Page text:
VS Code: Editing

Once the Explorer sidebar is active, you can do things like adding files, and folders.

Move your mouse over the sidebar and you’ll see those icons show up:

Click the leftmost one to create a new file.

Give the new file a name:

Press enter, and the file will open on the main part of the editor on the right:

Note that at this point VS Code recognized it’s an HTML file, because in the bottom status bar you see “HTML” and also there’s a little icon <> near the file name, that’s an “HTML icon” assigned by VS Code.

Now you can start typing.

As soon as you type < to write an HTML tag, VS Code shows you a panel of suggestions.

You can use the up and down keys, or the mouse, to pick one choice. For example I pressed “enter” to select the first option, and it autocompleted the <!DOCTYPE> tag:

This is IntelliSense.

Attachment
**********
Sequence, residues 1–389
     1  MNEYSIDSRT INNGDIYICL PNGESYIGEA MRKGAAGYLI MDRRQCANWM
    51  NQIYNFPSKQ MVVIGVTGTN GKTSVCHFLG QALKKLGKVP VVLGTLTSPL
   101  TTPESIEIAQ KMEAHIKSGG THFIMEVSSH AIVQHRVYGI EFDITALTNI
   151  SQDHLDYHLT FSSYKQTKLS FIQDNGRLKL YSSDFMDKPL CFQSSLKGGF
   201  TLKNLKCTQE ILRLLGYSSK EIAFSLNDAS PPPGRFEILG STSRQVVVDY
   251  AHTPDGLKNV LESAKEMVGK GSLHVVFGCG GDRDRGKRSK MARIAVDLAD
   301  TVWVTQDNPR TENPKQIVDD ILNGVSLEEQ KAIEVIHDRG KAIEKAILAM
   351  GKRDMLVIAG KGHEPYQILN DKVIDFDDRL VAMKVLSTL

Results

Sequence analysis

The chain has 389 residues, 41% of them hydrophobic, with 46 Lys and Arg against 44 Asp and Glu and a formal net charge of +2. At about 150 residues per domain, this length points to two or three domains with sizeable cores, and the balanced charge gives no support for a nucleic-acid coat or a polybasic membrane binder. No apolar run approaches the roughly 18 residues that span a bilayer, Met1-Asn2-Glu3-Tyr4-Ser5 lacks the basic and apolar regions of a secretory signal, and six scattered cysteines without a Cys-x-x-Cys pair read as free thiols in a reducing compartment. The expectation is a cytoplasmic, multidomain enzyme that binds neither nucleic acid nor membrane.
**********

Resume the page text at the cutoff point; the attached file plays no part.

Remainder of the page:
When you edit in one of the languages supported by default (JavaScript, JSON, HTML, CSS, Less, Sass, C#, and TypeScript) VS Code has IntelliSense, a technology that hints at autocompletion of functions and parameters, as you type them.

And extensions introduce support for many other languages.

You can open files side by side.

For example create a new file.

By default VS Code shows files in a tab bar, so you see one file at a time.

But you can drag the tab on the right:

or at the bottom, too. Or mix and match:

Hit cmd/ctrl+w to close a tab, or right-click a tab and click “Close”.

When you edit a file, you can see it has a big white dot next to the name, that’s to remind you it’s unsaved.

Press cmd/ctrl+s to save it, or right-click a file name and pick “Save”

Pressing cmd/ctrl p will show you a quick file picker to easily move in files on large projects:

Lessons this unit:

0: Introduction
1: The interface
2: Opening folders
3: ▶︎ Editing
4: Search
5: Source control
6: Extensions
7: Themes
8: Recommended extensions
9: The command palette
10: Shortcuts
11: Customization
12: Terminal